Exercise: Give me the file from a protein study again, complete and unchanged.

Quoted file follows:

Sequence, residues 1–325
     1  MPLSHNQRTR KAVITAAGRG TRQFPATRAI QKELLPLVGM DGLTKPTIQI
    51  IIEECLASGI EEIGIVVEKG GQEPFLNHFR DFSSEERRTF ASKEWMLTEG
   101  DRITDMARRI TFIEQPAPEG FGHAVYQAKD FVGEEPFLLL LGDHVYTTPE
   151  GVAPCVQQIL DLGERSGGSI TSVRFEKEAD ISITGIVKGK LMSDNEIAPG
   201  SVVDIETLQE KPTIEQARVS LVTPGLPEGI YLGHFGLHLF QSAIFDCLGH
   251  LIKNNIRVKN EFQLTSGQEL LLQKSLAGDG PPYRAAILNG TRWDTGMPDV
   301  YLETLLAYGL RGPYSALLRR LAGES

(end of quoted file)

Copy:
Sequence, residues 1–325
     1  MPLSHNQRTR KAVITAAGRG TRQFPATRAI QKELLPLVGM DGLTKPTIQI
    51  IIEECLASGI EEIGIVVEKG GQEPFLNHFR DFSSEERRTF ASKEWMLTEG
   101  DRITDMARRI TFIEQPAPEG FGHAVYQAKD FVGEEPFLLL LGDHVYTTPE
   151  GVAPCVQQIL DLGERSGGSI TSVRFEKEAD ISITGIVKGK LMSDNEIAPG
   201  SVVDIETLQE KPTIEQARVS LVTPGLPEGI YLGHFGLHLF QSAIFDCLGH
   251  LIKNNIRVKN EFQLTSGQEL LLQKSLAGDG PPYRAAILNG TRWDTGMPDV
   301  YLETLLAYGL RGPYSALLRR LAGES